Cleve Hill solar park
Cleve Hill solar park is a proposed solar park on the Graveney marshes on the North Kent coast. The park would have a nameplate capacity of about 350 MW, possibly coupled with a battery storage system of unspecified size.
The developers plan to mount solar PV panels facing East and West, which will result in panels being packed more closely than for the more usual South-facing orientation. The panels will be raised up to 4 metres above ground level to protect them from flooding.
The site has formerly been used as farmland. According to Kent Wildlife Trust the site covers 360 hectares (890 acres) and "is ‘functionally linked’ to the surrounding habitats, and plays a vital role in supporting the species for which the area has been designated. In particular, significant numbers of Brent geese, lapwing and golden plover use the farmland. Marsh harrier breed and feed in the area, and may be displaced by the presence of the solar panels".
The Trust says:
When Graveney Marshes was drained to create the arable land we see there now, a gap in the ecological network was created, and this farmland is one of the only undesignated coastal areas between Whitstable and the Medway Towns. The development site provides the biggest and best opportunity to undo some of the damage done over the past decades, by returning the land to the grazing marsh, saltmarsh and mudflat we have lost...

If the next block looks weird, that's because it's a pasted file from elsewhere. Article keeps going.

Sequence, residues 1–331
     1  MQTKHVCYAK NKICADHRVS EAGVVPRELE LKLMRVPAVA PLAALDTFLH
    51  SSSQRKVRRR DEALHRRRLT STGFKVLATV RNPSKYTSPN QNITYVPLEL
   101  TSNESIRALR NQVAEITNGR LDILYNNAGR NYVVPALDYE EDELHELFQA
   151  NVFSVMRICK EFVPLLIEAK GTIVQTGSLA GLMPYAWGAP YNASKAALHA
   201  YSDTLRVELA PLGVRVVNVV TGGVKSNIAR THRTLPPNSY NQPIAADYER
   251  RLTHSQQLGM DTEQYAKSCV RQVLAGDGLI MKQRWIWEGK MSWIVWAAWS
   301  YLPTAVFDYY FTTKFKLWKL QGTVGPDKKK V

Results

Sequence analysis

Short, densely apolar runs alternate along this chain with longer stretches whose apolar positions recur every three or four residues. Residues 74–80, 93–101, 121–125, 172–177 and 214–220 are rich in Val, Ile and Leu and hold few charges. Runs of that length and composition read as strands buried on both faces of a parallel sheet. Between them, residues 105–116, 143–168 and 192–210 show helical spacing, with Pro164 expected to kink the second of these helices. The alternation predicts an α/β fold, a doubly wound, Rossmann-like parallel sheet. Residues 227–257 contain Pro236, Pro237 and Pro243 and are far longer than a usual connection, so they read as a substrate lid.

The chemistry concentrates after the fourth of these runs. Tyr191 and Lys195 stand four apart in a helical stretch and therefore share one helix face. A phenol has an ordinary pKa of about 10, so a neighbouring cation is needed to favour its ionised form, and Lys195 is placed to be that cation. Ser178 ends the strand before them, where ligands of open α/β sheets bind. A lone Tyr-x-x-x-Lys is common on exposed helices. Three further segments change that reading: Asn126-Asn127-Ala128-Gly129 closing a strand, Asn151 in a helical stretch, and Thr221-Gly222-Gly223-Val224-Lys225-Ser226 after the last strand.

The developers claim that
There are minimal, if any, hazards associated with solar parks. Solar photovoltaic panels do not pose a risk of explosion, chemical leaks or toxic fumes, unlike other sources of energy generation.
Yes. We have been working closely with an industry leading battery supplier for the project’s energy storage proposals and we have provided reassurances on safety standards in response to a desire for further clarity.
In conjunction with these experts we have produced an Outline Battery Safety Management Plan which has been consulted on and agreed with the Health and Safety Executive and Kent Fire and Rescue Service. This is secured as a requirement in the draft DCO.
More favourable land management practices across solar farms are resulting in greater plant diversity on solar farms. Greater botanical diversity leads to an overall increase in species diversity including butterflies and bumblebees.8 The presence of these species is particularly important for birds of conservation concern.